LONDON, England (CNN) -- Barack Obama announced new arms negotiations with Russia's president, discussed North Korea with China's president, talked about the global economy with Britain's prime minister and had tea with Queen Elizabeth II on Wednesday -- a busy day for any leader.
British Prime Minister Gordon Brown, left, and President Obama speak in London, England, on Wednesday.
But it was the American president's first trip overseas, ahead of the Group of 20 summit that begins Thursday in London, and his first face-to-face meeting with everyone except Prime Minister Gordon Brown.
Obama and Russian President Dmitri Medvedev announced talks would soon begin "to work out a new, comprehensive, legally binding agreement on reducing and limiting strategic offensive arms," according to a joint statement released after their meeting.
The two leaders agreed that the Strategic Arms Reduction Treaty, which expires in December, had "completely fulfilled its intended purpose and that the maximum levels for strategic offensive arms recorded in the treaty were reached long ago."
The Obama administration also announced Obama will travel to Russia to meet with Medvedev in July.
In a joint news conference with Brown before his meeting with Medvedev, Obama emphasized Moscow and Washington have a common interest in "reducing nuclear stockpiles and promoting nuclear nonproliferation" across the world.
"One of the things I have always believed strongly is that both the United States and Russia and other nuclear powers will be in a much stronger position to strengthen what has become a somewhat fragile, thread-bare nonproliferation treaty if we are leading by example and if we can take serious steps to reduce the nuclear arsenal," he said.
Obama also touched on arms issues with Chinese President Hu Jintao after his meeting with Medvedev, senior administration officials said. Key in that discussion was North Korea's planned launch of what they say is a satellite, expected as early as this weekend.
The United States views the launch as "a provocative act," one official said, and "will respond in the event of a launch" by seeking action from the U.N. Security Council. The United States considers the expected launch as a violation of Security Council resolutions regarding the launch of ballistic missiles.
The two presidents also discussed some human rights issues, the officials said, as well as the global economy.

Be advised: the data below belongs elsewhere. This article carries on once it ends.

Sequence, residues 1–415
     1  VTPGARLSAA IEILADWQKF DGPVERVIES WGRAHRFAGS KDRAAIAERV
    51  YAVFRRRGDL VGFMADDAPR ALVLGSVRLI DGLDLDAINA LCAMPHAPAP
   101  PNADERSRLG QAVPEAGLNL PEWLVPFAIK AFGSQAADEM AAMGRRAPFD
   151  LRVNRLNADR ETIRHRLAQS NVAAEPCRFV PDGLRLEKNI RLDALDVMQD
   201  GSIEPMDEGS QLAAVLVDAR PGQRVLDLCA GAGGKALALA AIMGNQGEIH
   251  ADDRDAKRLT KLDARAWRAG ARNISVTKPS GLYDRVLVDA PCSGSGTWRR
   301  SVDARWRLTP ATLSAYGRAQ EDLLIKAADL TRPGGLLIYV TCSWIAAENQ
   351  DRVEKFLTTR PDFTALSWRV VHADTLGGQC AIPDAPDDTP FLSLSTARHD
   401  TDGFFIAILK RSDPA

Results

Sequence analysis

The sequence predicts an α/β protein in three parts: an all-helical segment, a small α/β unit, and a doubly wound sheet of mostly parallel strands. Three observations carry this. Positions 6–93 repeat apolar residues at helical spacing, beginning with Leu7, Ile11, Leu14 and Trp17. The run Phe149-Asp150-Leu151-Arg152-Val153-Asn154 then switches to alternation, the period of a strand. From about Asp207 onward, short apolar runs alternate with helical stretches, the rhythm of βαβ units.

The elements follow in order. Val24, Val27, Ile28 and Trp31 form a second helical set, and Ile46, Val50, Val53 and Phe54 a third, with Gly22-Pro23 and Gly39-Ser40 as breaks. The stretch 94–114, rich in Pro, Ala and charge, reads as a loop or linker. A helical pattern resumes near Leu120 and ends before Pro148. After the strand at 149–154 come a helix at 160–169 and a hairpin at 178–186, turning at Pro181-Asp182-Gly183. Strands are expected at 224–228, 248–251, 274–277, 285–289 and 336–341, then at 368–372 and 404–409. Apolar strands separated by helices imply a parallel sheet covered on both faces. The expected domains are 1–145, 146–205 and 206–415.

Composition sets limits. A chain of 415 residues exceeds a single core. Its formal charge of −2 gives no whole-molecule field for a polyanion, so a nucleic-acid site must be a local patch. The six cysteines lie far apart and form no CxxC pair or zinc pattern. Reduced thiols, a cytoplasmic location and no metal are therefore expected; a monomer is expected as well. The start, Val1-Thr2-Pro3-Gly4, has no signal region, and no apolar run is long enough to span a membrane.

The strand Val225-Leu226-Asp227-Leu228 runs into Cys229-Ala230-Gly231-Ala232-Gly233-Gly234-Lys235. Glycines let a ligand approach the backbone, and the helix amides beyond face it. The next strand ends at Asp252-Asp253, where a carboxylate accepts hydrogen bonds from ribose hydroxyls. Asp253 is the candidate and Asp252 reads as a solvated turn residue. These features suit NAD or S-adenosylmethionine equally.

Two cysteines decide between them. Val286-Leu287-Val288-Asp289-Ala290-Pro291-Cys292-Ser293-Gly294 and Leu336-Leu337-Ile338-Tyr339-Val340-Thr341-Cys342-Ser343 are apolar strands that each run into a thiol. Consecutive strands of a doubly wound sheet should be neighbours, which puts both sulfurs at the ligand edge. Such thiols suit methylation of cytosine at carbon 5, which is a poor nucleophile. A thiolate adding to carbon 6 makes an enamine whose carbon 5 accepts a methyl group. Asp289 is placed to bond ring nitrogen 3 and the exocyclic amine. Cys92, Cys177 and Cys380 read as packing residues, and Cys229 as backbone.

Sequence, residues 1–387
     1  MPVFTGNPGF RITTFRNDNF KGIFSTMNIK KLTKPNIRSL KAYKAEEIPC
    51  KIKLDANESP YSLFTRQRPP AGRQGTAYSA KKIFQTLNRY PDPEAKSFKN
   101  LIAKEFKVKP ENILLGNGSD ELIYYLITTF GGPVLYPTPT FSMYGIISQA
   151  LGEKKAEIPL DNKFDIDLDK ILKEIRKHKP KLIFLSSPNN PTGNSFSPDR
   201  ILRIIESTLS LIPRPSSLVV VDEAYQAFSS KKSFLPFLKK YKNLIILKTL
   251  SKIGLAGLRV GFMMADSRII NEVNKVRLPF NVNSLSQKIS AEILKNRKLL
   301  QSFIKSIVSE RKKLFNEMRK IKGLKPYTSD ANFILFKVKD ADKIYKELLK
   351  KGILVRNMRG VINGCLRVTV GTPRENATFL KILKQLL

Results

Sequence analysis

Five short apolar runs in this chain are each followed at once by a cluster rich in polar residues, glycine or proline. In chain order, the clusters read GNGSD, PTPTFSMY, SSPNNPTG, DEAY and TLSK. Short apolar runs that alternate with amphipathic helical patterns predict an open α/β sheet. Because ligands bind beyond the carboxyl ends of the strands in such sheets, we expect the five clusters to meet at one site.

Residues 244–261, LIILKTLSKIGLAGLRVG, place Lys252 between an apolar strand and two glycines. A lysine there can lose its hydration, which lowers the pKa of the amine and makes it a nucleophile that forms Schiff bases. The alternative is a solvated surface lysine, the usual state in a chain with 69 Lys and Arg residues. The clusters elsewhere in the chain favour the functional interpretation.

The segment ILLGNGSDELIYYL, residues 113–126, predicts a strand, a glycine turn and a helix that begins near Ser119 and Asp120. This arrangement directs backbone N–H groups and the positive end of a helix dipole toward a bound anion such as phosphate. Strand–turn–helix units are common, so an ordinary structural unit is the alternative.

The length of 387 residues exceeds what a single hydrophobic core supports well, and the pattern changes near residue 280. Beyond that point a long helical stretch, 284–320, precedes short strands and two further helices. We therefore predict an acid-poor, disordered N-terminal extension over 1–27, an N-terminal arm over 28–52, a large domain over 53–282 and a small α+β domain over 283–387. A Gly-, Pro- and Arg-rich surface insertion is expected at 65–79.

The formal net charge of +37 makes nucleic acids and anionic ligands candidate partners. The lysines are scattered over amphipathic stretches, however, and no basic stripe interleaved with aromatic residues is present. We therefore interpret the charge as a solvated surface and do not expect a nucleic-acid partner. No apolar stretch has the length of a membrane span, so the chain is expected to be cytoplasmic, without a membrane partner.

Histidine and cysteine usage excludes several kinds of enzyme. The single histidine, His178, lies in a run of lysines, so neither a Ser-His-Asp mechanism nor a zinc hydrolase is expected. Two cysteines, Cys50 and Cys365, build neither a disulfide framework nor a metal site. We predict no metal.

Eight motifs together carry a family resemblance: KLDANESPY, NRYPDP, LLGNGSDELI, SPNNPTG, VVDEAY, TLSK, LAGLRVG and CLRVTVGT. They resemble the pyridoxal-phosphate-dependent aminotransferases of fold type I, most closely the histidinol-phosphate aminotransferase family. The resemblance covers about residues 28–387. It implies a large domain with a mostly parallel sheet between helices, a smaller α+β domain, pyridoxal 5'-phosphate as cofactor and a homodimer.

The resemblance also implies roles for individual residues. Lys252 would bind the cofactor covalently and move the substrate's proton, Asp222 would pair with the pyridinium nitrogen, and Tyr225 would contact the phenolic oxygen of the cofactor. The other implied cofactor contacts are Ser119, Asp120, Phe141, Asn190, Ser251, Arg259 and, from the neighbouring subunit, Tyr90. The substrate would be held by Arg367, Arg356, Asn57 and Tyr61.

"The presidents agreed that the strong links between China and the U.S. economies have been a great mutual benefit, both in terms of trade and investment, and they were eager to build on that," one official said.
The officials also announced that Hu had invited Obama to come to China and the U.S. president accepted, with a trip tentatively planned for the second half of the year.
Obama's first meeting Wednesday was with Brown, whom he had met earlier this year in Washington. The president said after that meeting that world leaders meeting at the G-20 summit "cannot afford half-measures" as they try to hammer out ways to address the global financial crisis.
Obama said G-20 delegates have "a responsibility to act with a sense of urgency" and come up with "tough new rules" for managing the world economy.
"We've passed through an era of profound irresponsibility," Obama said at a joint news conference. "Now, we cannot afford half-measures and we cannot go back to the kind of risk-taking that leads to bubbles that inevitably burst. So we have a choice: We either shape our future or let events shape it for us." Watch as Obama says the U.S. will do its share »
The two leaders praised the continuation of the "special relationship" between Britain and America, with Brown calling it resilient and constant.
"Ours is not an alliance of convenience -- it's a partnership of purpose," Brown said.
Brown called on world leaders to cooperate in achieving five tasks at the one-day summit, starting with restoring growth to emerging market economies and agreeing to "clean up" the global banking system.
There will be no sustainable recovery until a new regulatory system for the banks is put in place, Brown said.
Leaders must also commit to whatever is necessary to bring about the resumption of growth, Brown said. They must kick-start global trade and resist protectionism, he said, and lastly, they must make sure that economic recovery is low-carbon and sustainable so as to protect the environment.
"We have some tough negotiations ahead," Brown said. "It will not be easy, but ... the world does want to come together."
Obama finished his whirlwind of meetings with tea at Buckingham Palace with the British monarch and her husband, Prince Philip, where, according to media reports, the president gave the queen a fully loaded, engraved iPod and a rare, signed songbook from American composer Richard Rodgers.
"It was a wonderful visit," Obama said as he and his wife, first lady Michelle Obama, left the palace, according to media reports. "Her Majesty is delightful."
Wednesday night, Obama joined other G-20 leaders for an elaborate dinner at the prime minister's residence.
And on Thursday morning, the G-20 summit begins.